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On shifting gears; 2008 season ahead
Back in the late 90s, during my first few years as a web site designer for CIS, I was just 'getting started' on my own after finishing college. As such, I didn't have a lot of expendable cash to put toward expensive pasttimes like storm observing or traveling. So when the photo licensing and TV video opportunities of the early 2000s started knocking on my door, I readily welcomed them and took advantage of everything that came along. This blessing of having a way to turn my hobby into a business is what allowed me to enjoy a very active involvement in the storm observing world that I otherwise wouldn't have been able to afford. I'm grateful to have been able to see the things I was able to see, travel to places I'd never been and to meet people I'd otherwise never cross paths with. Most of the images and video in my photo gallery and on the StormScenes web site tell the story of the weather-centric career I was able to live - even to the point of web design becoming a secondary income rather than my primary 'day job' on several occasions.
The past five years of covering the weather have been a blast, and I have no regrets. But times are changing - and as this happens, I have to change with them. The TV video business has seen a sharp downturn in the past two years that has seen me spending less time and money traveling around the country covering the weather. As networks are buying less news video from stringers these days, I've had to become more discriminating on the events I cover - only traveling to high-impact storm events closer to home to ensure I can still cover my costs. And recently, even the big stories that I've scored haven't resulted in nearly enough to make it worthwhile. That's because covering the weather involves more than just observing it - the several-times-daily forecasting and monitoring the patterns (to avoid missing things) takes up a significant amount of time and commitment. Every once in a while, I sit down and crunch the hard numbers - and after doing that recently, it's apparent that it isn't worth commercially pursuing weather events any longer - neither for TV or for this web site.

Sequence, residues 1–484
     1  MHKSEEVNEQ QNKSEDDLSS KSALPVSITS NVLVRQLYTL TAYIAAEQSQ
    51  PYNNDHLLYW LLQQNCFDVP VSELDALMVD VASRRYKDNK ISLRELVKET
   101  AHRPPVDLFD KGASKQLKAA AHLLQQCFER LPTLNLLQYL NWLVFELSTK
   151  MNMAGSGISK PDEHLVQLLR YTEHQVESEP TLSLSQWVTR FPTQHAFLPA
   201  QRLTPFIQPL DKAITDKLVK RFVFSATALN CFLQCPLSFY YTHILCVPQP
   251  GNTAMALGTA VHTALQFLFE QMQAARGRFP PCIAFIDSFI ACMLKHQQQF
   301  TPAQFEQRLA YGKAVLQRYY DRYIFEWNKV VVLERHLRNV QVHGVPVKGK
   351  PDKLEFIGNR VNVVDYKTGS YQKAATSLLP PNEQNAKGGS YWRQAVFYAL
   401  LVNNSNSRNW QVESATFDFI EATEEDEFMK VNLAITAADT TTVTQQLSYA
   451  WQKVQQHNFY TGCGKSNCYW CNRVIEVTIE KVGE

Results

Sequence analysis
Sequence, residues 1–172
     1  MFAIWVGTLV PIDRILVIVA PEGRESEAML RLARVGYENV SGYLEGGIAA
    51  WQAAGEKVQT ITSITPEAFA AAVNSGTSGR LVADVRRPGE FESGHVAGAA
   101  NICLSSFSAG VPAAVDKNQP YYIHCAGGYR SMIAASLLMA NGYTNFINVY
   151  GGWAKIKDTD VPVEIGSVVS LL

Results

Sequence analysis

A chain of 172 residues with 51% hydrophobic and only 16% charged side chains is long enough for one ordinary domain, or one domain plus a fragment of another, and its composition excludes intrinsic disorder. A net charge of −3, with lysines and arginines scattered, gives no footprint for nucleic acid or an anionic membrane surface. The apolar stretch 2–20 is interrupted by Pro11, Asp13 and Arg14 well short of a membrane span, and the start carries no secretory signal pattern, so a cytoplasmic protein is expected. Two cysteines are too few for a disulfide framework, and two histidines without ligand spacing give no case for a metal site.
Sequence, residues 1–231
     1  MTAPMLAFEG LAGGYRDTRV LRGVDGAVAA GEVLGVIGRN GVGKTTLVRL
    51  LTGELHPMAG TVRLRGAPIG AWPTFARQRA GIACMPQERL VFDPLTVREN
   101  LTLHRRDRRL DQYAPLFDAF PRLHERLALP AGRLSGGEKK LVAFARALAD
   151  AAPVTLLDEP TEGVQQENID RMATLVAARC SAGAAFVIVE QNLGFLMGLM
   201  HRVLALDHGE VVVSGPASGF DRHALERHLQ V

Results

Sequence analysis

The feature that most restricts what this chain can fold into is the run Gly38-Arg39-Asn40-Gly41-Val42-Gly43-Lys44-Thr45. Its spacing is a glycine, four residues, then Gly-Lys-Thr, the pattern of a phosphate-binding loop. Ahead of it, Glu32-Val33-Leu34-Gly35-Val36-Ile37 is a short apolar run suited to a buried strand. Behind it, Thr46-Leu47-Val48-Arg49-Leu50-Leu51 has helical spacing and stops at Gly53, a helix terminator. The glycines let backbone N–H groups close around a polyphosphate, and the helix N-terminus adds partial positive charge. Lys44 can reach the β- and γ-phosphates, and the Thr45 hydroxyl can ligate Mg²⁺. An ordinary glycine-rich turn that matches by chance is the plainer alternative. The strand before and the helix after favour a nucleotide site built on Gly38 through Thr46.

So does this mean I'm out of business and selling off my equipment? Not hardly. I'm still in the game for the long run, but with a different strategy. Instead, I'm going from 'active' coverage operations to 'passive' coverage. I will still be out there for the 'big events' that hit in or around Charleston or Raleigh (depending on which city I happen to be in). And I will always be out observing storms - but now, as it was when I started, only for my own enjoyment. If I happen to catch 'the big one' while doing that and find a convenient way to feed the footage in time, then I can and will still do that. The things you won't see me doing much of now is traveling long distances (over an hour away) for events like winter storms, lightning or floods. My web design career - unlike when I started - is now doing well enough that I should be able to afford to continue being a fairly active storm observer, without the need for the hobby to support itself.
With all that said, my 2008 storm season is up in the air. In the past I could justify investing the thousands on a spring Plains weather expedition, because it would invariably pay for itself later in the year. But with that prospect unlikely in this current video market, any weather expedition I take will be a 'vacation' luxury that I'll have to prepare to finance on my own. At this point I don't see a way to do it this spring without putting the expenses on a credit card - something I'm adamant about avoiding. So I don't have a problem with taking a year off from the Plains, as it will be there again in 2009 when I have a nice cache of spending money saved up. I'm exploring several ways to finance an expedition this year, but it's not a big priority at the moment. We'll see what the Lord is willing.